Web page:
Proposal: %SECTION{title}% Split package supplied things from locally changed things, and allow local overrides on everything

    %SECTION{synopsis}% This proposal simple on the basic level, and very inline with current installations - indeed it can largely be viewed as an extension of the current setup. It proposes (among other things) the creation of a system web containing default configuration values, along with system documentation.Like wise, it also proposes local config web. Again this would contain configuration data and documentation.

    The system web would be read only with no local configuration, and supplied by in the tar ball. The local web would be supplied at initial installation by the installer, but not for upgrades. The clear benefit of such a directory is that it would allow upgrades to such a system to happen relatively transparently - since we can be certain that a user has not changed the parts we're changing and they can be happy that we're not changing their changes.

    The default names for these webs will be the same as the values taken for:

    • %TWIKIWEB% - becomes %SYSTEM%
    • %PLUGINSWEB% becomes %LOCALCONFIG%

    Specific things that users change:

    • Variables
    • TWiki.cfg
    • Plugins
    • Skins (templates)

    In terms of management the setup would be this:

    • Users downloading and installing modules would be downloaded and installed in the LOCALCONFIG/PLUGINS web.
    • System supplied plugins & so on would be installed in the SYSTEM web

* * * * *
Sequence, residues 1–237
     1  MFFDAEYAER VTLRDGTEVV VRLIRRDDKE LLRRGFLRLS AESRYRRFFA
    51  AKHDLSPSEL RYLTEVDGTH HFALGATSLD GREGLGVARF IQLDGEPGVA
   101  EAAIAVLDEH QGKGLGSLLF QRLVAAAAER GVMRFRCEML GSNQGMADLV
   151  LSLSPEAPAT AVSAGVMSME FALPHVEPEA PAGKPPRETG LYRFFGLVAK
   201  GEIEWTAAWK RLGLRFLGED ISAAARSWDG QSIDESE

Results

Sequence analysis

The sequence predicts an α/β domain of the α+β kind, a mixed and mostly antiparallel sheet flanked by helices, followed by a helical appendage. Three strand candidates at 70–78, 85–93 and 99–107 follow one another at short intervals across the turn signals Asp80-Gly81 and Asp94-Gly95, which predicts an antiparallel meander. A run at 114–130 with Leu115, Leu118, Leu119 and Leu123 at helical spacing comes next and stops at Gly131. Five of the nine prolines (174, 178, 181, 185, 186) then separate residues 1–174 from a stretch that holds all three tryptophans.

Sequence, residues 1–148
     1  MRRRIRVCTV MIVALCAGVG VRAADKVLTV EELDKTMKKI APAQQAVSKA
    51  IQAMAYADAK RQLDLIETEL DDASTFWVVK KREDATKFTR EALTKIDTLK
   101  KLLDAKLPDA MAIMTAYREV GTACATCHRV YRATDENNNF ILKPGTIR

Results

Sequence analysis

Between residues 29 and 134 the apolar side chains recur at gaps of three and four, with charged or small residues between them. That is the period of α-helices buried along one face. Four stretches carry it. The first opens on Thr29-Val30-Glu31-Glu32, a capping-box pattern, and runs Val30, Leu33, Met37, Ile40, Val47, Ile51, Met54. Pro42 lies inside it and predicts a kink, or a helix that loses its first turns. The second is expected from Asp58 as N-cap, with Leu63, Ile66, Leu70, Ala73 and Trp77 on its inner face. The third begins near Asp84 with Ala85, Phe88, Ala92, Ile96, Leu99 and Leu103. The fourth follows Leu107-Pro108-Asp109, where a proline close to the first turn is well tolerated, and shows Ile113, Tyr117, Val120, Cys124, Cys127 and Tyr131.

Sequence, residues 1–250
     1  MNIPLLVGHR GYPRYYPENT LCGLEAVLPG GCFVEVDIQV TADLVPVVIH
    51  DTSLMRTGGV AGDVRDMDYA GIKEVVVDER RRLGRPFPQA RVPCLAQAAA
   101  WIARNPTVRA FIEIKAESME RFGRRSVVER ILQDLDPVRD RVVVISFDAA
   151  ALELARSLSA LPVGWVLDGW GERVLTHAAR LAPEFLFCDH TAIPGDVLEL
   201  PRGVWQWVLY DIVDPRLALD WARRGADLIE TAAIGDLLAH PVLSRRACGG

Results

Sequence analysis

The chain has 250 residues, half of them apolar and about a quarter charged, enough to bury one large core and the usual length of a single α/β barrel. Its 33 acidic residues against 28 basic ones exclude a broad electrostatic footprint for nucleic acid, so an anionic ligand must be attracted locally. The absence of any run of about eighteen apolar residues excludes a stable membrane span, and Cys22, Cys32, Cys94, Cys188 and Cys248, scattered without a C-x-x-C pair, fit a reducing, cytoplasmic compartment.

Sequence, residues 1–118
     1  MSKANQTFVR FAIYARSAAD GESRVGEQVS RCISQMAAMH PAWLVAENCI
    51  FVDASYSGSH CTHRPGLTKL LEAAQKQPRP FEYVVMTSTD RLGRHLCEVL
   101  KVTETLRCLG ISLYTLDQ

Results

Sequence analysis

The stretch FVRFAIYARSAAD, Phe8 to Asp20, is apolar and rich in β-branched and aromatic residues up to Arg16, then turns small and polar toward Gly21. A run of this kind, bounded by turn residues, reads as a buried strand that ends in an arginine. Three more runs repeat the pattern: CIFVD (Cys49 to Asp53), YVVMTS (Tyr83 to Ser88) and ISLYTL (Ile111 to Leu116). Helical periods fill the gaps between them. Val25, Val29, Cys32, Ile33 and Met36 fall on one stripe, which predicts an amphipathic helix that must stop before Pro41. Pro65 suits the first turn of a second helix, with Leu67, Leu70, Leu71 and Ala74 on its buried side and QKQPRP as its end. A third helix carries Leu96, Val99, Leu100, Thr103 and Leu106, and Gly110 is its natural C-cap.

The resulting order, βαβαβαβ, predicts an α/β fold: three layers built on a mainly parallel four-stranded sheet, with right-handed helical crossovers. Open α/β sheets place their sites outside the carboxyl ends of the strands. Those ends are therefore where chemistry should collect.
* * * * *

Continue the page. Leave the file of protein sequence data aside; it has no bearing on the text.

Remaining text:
• In order to facilitate this, it is further suggested that system plugins should reside in a separate directory from standard plugins. This allows the user to install their own plugins without clobbering the system ones and vice versa. (Also this potentially allows a fallback mode to occur.)
    • Similarly, many people currently install skins into the default location of "templates". Whilst convenient and simple, this makes maintenance much harder than it needs to be. (Webs can have the skin templates in a separate directory).
      • It is proposed to split the default templates directory into two - specifically into "supplied" and "localised". The supplied versions can be assumed to be writable over, whereas localised are user controlled & dealt with. Clearly tools to separate out the local from the non-local would be useful.
        • Thought: why not have this in the data tree as in the localconfig directory? If skin designers produce code to go with their plugins force a separation of the "skin" into a skin package & a plugin package, and call that an addon? This could massively simplify things overall ? (Also starts a migration path towards a web being a place for editting a skin, rather than logging into the server - since local customisation would be to copy the default and so on)

    This way if it's decided to start include %RANDOMPLUGIN%, then it will by default pick up the config information from the system web unless the user has previously installed the plugin. In that scenario, the users plugins will be used instead.